Xsol chief canes Cullen over ‘weak’ incentives

Cullen's suggestions unlikely to be of significant benefit to the local ICT industry, he says

Xsol chief John Blackham has branded Michael Cullen’s discussion document on tax incentives “a very weak piece of work”.

Its suggestions are unlikely to be of significant benefit to the local ICT industry, he says.

Blackham predicts most of the tax savings will go to the local subsidiaries of large foreign-owned companies and end up overseas. Software Association president Chip Dawson makes the same argument.

Just returned from the UK, Blackham has only recently had a chance to read Cullen’s discussion document in detail and discuss it with fellow IT entrepreneurs.

“The document misses the mark [with respect to IT],” he says

“If the company tax rate was reduced to 30% I doubt the IT sector would see one extra dollar of FDI [foreign direct investment].

“Some local IT companies that are profitable and growing may plough more back into their business, but local IT producers account for less than 10% of the total IT spend so the majority of the tax benefit would go overseas. Overall, the effect on both the economy and the IT sector would be negligible.

“If the government is serious about growing new industry, such as IT, it needs to signal this, so that investment is attracted to the sector,” says Blackman.

New Zealand could positively follow the example of Ireland, which grants companies in rising industries a preferential tax rate, he says.

“If we had a 10% company tax rate, for the first ten years of a company’s life in a new industry, we might see some dollars redirected from property to productive investment,” says Blackman.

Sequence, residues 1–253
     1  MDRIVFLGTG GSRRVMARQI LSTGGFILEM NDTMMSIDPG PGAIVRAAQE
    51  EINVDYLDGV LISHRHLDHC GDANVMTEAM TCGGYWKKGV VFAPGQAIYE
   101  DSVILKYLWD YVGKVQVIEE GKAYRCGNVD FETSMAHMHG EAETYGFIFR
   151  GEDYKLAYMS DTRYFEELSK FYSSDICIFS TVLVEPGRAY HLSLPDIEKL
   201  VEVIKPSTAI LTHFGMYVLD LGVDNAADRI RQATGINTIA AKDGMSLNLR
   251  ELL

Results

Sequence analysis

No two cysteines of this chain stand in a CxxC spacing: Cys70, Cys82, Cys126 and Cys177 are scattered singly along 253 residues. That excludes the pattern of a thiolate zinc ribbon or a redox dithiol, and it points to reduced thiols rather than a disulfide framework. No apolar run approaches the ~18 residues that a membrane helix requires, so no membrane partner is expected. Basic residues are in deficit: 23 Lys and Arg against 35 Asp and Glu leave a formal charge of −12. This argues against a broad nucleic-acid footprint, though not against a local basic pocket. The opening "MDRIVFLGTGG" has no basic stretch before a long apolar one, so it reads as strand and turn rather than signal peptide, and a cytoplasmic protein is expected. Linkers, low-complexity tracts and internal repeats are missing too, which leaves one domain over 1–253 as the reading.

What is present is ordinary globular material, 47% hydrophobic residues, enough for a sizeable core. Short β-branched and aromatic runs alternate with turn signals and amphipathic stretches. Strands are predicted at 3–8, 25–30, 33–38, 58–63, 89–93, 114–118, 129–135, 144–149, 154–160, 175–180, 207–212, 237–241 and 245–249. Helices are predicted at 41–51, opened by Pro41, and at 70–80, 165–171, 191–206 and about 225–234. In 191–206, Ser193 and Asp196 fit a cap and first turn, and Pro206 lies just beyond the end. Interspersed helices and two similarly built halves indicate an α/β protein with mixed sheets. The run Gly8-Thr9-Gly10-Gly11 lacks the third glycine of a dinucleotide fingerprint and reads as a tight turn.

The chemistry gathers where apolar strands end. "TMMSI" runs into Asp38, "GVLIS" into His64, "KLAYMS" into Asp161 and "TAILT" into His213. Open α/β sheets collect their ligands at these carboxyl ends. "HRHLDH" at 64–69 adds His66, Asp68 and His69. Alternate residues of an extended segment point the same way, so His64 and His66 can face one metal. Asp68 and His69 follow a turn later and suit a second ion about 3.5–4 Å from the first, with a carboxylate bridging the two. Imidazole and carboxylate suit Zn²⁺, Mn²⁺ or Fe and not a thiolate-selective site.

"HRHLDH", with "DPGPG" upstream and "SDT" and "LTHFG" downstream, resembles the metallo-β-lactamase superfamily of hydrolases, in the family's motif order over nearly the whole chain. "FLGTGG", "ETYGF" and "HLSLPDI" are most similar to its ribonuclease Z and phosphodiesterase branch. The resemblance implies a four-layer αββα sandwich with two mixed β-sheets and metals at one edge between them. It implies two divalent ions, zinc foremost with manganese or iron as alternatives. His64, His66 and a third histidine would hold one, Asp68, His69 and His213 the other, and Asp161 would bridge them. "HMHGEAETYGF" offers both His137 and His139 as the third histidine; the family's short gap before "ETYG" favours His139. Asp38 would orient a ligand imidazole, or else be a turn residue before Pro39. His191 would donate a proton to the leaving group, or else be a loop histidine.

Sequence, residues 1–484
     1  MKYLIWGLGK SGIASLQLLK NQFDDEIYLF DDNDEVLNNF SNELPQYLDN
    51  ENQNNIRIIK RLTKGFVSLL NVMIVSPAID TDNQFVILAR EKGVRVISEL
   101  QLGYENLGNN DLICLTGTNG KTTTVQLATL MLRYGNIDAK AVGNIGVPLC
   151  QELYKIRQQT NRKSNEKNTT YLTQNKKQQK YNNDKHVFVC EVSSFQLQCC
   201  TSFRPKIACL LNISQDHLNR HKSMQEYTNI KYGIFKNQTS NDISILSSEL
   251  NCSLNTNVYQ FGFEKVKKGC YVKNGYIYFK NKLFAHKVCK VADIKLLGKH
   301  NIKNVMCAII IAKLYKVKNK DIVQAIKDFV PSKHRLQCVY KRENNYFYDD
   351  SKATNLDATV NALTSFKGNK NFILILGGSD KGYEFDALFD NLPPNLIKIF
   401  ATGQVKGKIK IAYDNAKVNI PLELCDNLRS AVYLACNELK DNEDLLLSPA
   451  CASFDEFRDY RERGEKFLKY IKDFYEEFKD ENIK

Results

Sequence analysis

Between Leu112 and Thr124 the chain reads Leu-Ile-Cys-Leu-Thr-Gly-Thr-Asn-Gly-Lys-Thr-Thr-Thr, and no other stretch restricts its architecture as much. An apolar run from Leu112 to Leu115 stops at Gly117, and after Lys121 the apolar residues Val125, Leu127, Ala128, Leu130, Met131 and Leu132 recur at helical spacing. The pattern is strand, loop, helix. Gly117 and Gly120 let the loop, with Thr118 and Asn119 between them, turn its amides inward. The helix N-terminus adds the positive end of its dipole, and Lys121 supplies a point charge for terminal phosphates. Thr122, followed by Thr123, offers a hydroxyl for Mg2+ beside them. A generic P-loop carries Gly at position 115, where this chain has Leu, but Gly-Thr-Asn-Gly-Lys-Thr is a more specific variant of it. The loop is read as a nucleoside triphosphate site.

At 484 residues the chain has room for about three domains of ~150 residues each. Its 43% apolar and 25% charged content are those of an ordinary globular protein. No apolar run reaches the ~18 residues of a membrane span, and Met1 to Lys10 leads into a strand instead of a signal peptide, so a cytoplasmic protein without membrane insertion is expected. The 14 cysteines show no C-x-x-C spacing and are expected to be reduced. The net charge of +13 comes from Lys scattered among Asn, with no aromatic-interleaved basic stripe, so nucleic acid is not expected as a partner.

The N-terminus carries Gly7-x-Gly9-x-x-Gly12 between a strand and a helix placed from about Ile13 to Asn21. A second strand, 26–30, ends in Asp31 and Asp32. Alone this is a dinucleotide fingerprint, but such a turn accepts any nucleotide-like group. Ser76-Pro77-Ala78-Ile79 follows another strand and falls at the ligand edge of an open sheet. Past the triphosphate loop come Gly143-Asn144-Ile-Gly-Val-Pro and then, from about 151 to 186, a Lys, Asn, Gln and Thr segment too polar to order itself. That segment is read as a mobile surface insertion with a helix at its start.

Cullen’s proposals also raise the much canvassed possibility of tax rebates for research and development expenditure.

“R&D tax credits may help the IT sector,” Blackham says, “but only marginally and it is a very costly approach because, as with most subsidies, suddenly everyone discovers they are doing R&D.

“Overnight we would probably double the amount of private sector R&D that was being reported, [but] any real change in R&D activity would be negligible since this is generally undertaken for basic commercial reasons (such as growing a business) rather than changes in taxation.

“The NZ IT sector is not going to succeed until the government sends a clear signal that its development is truly a national imperative. With well over 90% of government investment going into our traditional commodity-based industries, and no incentive for foreign (or local) investors to put their money into the IT sector, local entrepreneurs will continue to struggle and the few who make it big will either sell to an overseas buyer (like Navman) or cash out by listing on the Stock Exchange (like Rakon).”

Blackham says he agrees with Opposition finance spokesman John Key, who calls Cullen’s document “a fifth-form paper”.

“A discussion paper should be far more adventurous and consider what other countries have done with tax to stimulate their economies.”

The assumption that tax cuts will be used to boost productivity is naïve, says Blackham, when recent surveys of business directors suggest that their first reaction would be to boost pay rates and dividends.

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